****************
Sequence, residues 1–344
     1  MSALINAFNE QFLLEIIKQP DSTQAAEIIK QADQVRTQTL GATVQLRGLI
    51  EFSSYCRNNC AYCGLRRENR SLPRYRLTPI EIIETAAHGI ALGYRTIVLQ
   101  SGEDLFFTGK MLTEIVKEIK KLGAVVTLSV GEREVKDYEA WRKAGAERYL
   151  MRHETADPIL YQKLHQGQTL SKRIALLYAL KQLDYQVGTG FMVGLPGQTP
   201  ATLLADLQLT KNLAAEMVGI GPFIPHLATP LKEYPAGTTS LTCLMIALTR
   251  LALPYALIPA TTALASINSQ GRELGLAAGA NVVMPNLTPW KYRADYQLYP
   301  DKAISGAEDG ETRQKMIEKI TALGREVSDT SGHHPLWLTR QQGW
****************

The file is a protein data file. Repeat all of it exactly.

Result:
Sequence, residues 1–344
     1  MSALINAFNE QFLLEIIKQP DSTQAAEIIK QADQVRTQTL GATVQLRGLI
    51  EFSSYCRNNC AYCGLRRENR SLPRYRLTPI EIIETAAHGI ALGYRTIVLQ
   101  SGEDLFFTGK MLTEIVKEIK KLGAVVTLSV GEREVKDYEA WRKAGAERYL
   151  MRHETADPIL YQKLHQGQTL SKRIALLYAL KQLDYQVGTG FMVGLPGQTP
   201  ATLLADLQLT KNLAAEMVGI GPFIPHLATP LKEYPAGTTS LTCLMIALTR
   251  LALPYALIPA TTALASINSQ GRELGLAAGA NVVMPNLTPW KYRADYQLYP
   301  DKAISGAEDG ETRQKMIEKI TALGREVSDT SGHHPLWLTR QQGW